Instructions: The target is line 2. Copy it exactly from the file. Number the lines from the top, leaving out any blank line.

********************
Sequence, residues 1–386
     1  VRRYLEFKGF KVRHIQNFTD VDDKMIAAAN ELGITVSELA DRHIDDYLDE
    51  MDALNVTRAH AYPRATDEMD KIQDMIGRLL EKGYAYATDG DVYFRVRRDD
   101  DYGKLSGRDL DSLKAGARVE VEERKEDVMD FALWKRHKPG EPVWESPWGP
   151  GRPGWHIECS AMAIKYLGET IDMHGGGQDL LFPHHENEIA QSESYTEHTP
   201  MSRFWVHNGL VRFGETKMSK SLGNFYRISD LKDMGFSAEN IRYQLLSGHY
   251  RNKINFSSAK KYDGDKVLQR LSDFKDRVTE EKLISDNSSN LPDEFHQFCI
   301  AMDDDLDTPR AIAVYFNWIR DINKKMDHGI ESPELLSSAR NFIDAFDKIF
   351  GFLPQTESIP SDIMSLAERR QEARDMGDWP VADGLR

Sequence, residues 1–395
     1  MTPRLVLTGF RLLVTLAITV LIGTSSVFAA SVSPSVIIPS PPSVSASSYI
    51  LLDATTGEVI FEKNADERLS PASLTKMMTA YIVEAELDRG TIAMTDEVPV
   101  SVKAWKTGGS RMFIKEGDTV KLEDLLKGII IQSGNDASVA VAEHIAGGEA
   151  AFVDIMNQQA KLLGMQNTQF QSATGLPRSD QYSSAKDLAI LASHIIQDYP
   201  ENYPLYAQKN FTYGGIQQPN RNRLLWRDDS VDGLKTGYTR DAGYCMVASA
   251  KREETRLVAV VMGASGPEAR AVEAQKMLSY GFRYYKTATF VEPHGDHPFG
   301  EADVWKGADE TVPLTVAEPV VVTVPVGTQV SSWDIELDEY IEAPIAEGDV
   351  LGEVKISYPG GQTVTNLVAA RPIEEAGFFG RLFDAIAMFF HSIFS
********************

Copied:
     1  VRRYLEFKGF KVRHIQNFTD VDDKMIAAAN ELGITVSELA DRHIDDYLDE